The stipulation of no energy transfer by heating constrains the triplet T9 P, and V more than the ideal gas law alone would and hence generates the additional relationship 1. Precisely because the ideal gas law continues to hold, we may use it to eliminate T in 1. The new form of what is really the same relationship becomes.
This expression seems to be the easiest to remember. Starting from here, we recover equation 1. Elimination of V from 1. It suffices to remember one form and to know that you can get the others by elimination. The expansion of a warm, low density cloud as it rises in the sky is approximately an adiabatic process.
Consequently, its tempera- ture drops, and more moisture condenses.
How general are the relationships 1. We specified a classical ideal gas and a slow process, so that the system remains close to thermal equilibrium. Those are two restrictions. Beyond that, the step from 1. Often that assumption is a good approximation. For example, it is fine for diatomic oxygen and nitrogen under typical room conditions.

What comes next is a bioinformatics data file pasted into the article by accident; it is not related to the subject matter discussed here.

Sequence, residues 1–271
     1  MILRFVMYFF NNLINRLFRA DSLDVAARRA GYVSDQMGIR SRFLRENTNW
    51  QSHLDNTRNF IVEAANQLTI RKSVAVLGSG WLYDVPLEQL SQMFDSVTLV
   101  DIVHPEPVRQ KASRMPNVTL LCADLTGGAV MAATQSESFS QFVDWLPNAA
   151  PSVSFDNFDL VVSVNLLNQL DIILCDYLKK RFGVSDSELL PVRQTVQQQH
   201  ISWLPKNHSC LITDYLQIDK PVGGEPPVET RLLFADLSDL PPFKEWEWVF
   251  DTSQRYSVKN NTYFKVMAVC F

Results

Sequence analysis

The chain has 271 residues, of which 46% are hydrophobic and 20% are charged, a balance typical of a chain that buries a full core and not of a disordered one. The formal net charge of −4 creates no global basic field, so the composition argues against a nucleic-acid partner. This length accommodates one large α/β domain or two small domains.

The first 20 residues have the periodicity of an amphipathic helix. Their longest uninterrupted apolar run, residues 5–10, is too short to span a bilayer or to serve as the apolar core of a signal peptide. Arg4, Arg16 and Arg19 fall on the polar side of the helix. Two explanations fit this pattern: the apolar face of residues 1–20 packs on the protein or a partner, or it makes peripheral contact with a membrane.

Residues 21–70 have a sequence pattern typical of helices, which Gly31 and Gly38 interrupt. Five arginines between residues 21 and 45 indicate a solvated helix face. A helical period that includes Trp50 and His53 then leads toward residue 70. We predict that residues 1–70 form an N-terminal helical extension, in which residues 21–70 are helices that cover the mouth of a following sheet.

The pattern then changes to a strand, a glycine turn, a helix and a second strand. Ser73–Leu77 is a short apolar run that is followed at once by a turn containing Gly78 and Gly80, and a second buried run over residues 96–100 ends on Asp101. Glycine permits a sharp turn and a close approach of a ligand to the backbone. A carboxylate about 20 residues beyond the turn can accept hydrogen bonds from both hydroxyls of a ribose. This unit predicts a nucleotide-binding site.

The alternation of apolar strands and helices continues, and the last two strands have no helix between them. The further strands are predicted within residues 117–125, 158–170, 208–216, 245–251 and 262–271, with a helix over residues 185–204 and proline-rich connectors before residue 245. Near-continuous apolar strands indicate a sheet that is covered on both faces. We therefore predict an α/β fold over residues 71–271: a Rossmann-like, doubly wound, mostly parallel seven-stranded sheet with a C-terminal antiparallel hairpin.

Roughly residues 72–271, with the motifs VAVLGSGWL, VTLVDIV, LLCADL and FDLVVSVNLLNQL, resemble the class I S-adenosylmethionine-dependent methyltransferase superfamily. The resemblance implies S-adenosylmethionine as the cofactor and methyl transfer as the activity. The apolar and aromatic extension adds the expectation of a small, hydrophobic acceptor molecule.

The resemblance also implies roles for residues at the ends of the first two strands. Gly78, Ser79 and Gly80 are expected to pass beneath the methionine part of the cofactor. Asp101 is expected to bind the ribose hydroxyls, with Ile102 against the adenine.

If the temperature varies greatly, however, Cy will change; sections If you glance back through the chapter, from its opening paragraph up to equation 1. Historically, the word "heat" has been used as a noun as well, but such use— although common—is often technically incorrect.